The lazy man's way of shooting decent slide copies for use on the web. No expensive tools or workshop experiences needed.

Venice. ©1986 Kirk Tuck
From ancient Kodachrome to modern screen. 

Yesterday evening I remembered having shot an image a long time ago that I wanted to show. I went into the studio and rummaged through the beige filing cabinet next to my messy desk for five or ten minutes and was able to locate the original image. It existed only as a Kodachrome slide in its little cardboard mount.

I have changed computers several times since I last had a scanner hooked up and I didn't relish the process of digging out said scanner, connecting it the current computer and making sure that it would, (a). work with the latest operating system. And, (b). need new software installed to drive the machine, along with the inevitable learning curve and trouble shooting that goes with any scanning adventure.

I opted to take the easy way out. Essentially I shot a photograph of the original slide with my Sony camera. Done.

That's the simple version but here's a quick but more detailed look at a simple process:

I took a Fotodiox 512 AS LED panel and placed it face up on a rolling tool cabinet. I used the barn doors on the light unit to support a 10 x 12 inch piece of white Plexiglas over the LEDs. I placed the slides on top of the Plexi and used a slide holder from a discarded scanner to both keep the slides in position, and to block excessive backlight from causing flare. Before inserting the color slides I took a custom white balance directly from the white Plexiglas. Might as well have a known starting point...

I positioned the camera (Sony a6300) on the horizontal arm (side arm) of a Gitzo tripod. I used a cheap bubble level to level the Plexiglas, and then the camera (after finding the camera height needed for magnification).  I used a Nikon 55mm f2.8 Micro-Nikkor lens with an inexpensive Fotodiox, Sony Nex to Nikon lens adapter. 

I set the drive mode to a 5 second delay so the minute vibrations of the tripod/arm combination would not degrade sharpness. Focusing was easy with focus magnification and I could actually use the focus peaking lines to gauge how long it took for the tripod and arm to become fully stationary; the focus peaking outlines would stop actively aliasing when all movement stopped...

Now I could shoot, then slide the holder over, shoot the next slide, slide the holder over, shoot the next slide....  I made small exposure adjustments to taste and used a low DRO setting to add some openness to the shadow areas. I shot in raw so I could use whatever adjustments I might need in Lightroom. 

After the initial set up the process was quick and easy. I was able to "scan" about 20 images in fifteen minutes and then spent a couple of minutes at the computer for each slide, as a find touch up.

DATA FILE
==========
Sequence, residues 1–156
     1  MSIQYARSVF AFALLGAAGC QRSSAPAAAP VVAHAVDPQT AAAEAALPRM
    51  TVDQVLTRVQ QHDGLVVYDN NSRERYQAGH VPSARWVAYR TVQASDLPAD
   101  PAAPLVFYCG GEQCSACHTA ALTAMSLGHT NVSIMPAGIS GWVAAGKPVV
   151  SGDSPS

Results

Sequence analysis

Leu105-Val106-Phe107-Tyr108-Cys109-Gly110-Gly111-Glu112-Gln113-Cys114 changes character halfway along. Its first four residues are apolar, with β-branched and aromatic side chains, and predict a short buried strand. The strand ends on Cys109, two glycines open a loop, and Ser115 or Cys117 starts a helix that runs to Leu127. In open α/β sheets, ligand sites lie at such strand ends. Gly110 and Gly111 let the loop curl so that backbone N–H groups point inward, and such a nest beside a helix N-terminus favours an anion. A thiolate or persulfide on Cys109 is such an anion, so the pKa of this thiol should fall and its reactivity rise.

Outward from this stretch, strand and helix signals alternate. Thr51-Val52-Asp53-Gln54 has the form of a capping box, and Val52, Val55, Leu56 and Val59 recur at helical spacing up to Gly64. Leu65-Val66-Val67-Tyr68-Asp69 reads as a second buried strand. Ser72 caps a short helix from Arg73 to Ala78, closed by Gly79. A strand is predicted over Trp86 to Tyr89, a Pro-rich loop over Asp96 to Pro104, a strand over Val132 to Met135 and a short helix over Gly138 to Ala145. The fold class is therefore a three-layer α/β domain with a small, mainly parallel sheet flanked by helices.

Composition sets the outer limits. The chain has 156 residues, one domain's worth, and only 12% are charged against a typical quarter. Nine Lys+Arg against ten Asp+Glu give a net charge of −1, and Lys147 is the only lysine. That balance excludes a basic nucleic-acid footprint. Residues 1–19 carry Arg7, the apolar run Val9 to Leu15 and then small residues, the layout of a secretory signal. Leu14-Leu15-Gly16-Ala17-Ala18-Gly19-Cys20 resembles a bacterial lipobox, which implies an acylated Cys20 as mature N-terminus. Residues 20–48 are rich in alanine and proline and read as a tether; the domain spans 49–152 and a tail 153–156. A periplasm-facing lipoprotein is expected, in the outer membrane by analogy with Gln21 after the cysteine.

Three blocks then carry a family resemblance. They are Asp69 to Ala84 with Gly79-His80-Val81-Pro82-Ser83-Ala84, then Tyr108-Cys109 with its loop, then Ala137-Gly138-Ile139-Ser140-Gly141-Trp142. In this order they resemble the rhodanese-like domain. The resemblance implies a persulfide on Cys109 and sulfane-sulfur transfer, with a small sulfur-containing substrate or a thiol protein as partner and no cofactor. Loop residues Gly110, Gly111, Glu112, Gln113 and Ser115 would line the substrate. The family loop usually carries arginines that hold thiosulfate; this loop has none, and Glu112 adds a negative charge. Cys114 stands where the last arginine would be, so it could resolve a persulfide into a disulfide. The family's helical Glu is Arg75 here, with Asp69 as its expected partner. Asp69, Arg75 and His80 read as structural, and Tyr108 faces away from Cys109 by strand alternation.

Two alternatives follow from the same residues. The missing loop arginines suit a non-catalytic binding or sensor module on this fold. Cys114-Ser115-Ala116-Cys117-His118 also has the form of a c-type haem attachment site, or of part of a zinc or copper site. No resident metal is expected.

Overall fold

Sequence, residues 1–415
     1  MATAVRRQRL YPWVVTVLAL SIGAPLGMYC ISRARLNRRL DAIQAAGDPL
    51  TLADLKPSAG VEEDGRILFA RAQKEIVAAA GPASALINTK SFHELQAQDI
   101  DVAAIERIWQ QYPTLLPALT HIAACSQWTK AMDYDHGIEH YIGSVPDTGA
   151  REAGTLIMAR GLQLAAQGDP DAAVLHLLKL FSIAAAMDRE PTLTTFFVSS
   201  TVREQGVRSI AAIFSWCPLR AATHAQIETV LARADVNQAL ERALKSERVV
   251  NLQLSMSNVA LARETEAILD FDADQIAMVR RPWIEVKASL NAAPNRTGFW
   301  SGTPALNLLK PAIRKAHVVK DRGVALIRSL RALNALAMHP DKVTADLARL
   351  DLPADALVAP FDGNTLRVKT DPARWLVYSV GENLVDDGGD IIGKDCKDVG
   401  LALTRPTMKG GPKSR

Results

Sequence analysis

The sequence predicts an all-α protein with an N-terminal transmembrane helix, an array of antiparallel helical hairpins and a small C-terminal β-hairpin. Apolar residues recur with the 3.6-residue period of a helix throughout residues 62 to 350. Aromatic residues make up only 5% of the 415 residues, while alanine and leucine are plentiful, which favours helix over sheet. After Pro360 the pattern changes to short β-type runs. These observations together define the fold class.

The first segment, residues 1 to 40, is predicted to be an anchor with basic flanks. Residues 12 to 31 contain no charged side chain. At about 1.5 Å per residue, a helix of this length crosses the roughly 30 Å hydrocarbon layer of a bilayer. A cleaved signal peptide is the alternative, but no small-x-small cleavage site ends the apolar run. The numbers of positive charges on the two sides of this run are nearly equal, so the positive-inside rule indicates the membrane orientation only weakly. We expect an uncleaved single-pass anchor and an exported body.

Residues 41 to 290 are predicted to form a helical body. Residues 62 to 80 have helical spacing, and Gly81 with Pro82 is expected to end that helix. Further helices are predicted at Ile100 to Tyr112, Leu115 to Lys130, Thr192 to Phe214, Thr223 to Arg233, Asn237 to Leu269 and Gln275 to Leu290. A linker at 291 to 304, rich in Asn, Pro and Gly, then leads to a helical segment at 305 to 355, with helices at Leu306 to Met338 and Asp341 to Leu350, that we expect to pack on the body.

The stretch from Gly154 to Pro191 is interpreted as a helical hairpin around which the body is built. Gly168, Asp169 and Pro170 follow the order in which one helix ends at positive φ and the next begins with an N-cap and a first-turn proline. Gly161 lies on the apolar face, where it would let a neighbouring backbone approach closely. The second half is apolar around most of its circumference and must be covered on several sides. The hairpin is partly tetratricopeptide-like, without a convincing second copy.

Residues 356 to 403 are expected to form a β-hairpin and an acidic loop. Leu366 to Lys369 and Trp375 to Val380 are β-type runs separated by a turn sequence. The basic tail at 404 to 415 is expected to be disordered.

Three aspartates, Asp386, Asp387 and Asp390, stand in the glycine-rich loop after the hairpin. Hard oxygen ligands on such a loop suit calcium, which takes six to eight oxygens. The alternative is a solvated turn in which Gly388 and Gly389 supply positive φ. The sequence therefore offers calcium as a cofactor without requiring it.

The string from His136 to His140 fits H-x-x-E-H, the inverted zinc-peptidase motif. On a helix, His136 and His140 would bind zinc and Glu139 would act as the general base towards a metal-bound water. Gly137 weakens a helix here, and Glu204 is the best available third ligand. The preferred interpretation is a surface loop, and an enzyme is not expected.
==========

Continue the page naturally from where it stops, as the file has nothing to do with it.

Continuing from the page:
I shot the set up images for you this morning with light coming through the window but I guess it's pretty obvious that you'll want to block out ambient light as much as possible while you are actually shooting so you get the best contrast, and no reflections or added color casts.

If I were hellbent on making giant prints from the slides I'd send them to Holland Photo and have them make meticulous scans. But when you want to make quick transitions from film to screen this is a workable method. Just don't over-think it. 

Kinky Friedman. ©1992 Kirk Tuck


One of the original Craftsy Photo Classes and 
still one of the best! 

I met Lance a couple of weeks ago in Denver
and found him to be really fun and knowledgeable 
this class reflects what he teaches in hands-on
workshops in Ireland and Iceland, as well as 
cool places around the U.S.

How to make what we shoot into a cohesive
train of visual thought.


George Beinhorn said...

Lovely shot in Venice, and thanks for showing us the correct, professional way to copy slides with a very nice improvised light table setup.

Michael Matthews said...

That's a handy bit of show-and-tell info to file away. I've only shot flat copy -- my wife's artwork -- for printing. Now that I see your horizontal arm attached to the tripod it becomes clear that there's a much easier way to avoid shadows than trying to light my way around the legs when the target has to reside on the floor.

Fortunately, I don't have to follow this formula for converting slides to digital. That inexpensive Epson V500 scanner you recommended years ago still works wonders.

Anonymous said...

Purchased a dedicated film/slide scanner about 6 years ago. Very nice results. VERY slow process. I would have been a very old man by the time I'd scanned all my slides I had taken in the film years.
I have been using an old slide duplicator to use very much the same process you outline in this blog. Used an old desk lamp with a daylight florescent bulb. 55mm micro nikkor f3.5 from the early 70's For viewing on screen or smaller prints the resultant copies are just great. Seeing the old slides again is like meeting an old friend. Brings back memories.


Roger Bradbury said...

To align the camera and artwork I use a mirror, placed on whatever the artwork is going to lay on. Then I adjust the camera until the reflection of the lens is exactly in the middle of the viewfinder. Once it is, the sensor and artwork will be parallel.

What the police will think if they find the four inch square mirror in a drawer is another matter...

Anonymous said...

I was doing this with my Nikon Coolpix 995 in 2001.